(b) Paper sources: These can include books, newspapers and magazines, official records and business documents, such as contracts and bank statements. This may include ‘grey’ material, or material that is widely circulated but may not have ever been published (e.g., studies commissioned from private organisations, academic dissertations) or which may be officially confidential. Very often, it is paper sources that will provide the proof you seek. We call this ‘following the paper trail’.
But investigative journalists face problems when seeking paper evidence: Perhaps the journalist does not know if the evidence exists, or perhaps public records are disordered and difficult to search, or perhaps there are no freedom of information laws that allow the media to conduct paper searches. One key concern are officials who may stall this process because they fear that information will be used against them or the government. One important piece of initial research in an investigative story is to discover what documents are used in the field you are investigating, where and how they are stored, and how they can be accessed. If advance permissions are necessary, you will need to do this early in your research, since official permits can take weeks and months to come through. Do not overlook obvious paper sources: directories and phone books.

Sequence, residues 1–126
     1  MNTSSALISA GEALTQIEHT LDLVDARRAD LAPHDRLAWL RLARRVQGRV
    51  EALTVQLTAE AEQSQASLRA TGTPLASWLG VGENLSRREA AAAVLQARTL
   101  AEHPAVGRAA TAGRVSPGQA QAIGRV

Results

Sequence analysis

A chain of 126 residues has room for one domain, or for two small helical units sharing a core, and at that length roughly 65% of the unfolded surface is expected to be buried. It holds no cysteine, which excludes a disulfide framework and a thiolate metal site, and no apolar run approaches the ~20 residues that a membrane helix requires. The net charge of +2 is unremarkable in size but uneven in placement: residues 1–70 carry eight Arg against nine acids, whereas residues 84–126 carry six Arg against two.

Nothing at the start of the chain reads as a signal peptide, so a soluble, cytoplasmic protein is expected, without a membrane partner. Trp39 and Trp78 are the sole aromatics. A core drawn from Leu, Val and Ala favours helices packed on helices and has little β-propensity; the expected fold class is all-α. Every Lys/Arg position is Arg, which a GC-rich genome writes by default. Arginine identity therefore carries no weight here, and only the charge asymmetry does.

Veteran American investigative reporter Bill Gaines credits his ability to research documents with his success. ‘I was able to get stories that other people missed because I went to the places where you could find the documents.’ And very often, Gaines found what he was seeking in public documents, not by raiding secret files. He found the home of an important source by searching property records and nailed a company for corruption because of something they had written when filing a business registration.
(c) Digital sources: These include information on the web and digitally stored records. Searching for these sources does not require extraordinary skills. The amount of information available online is dazzling but, as with any other source, you need to verify where the information came from, as well as their credentials and possible motives. You need to check what officials are writing about themselves, and how friends and family describe them. But do remember that the web is relatively uncontrolled: Almost anyone with access can post almost anything, including complete fabrications. In addition, web information often stays online for a long time; sometimes long after it has become outdated. Always check the most recent sources first. For further help, download a free copy of the Verification Handbook published by the European Journalism Centre (EJC). It provides tools, techniques and step-by-step guidelines on how to deal with digital content.
(d) Crowd-sourcing: This new tool combines human and digital sources. It involves media outlets drawing readers to investigative stories by inviting them to contribute.
To obtain data sources that are difficult to access, there may be laws in place to help you, like the Right to Information Act in India, the Promotion of Access to Information Act in South Africa or the Law on Free Access to Information of Public Importance in Serbia. In every country, these laws differ not just in their titles but also in their content, which makes global advice on legal regulations difficult to give. But remember that you should conduct some research about the laws in your country before you start your investigations.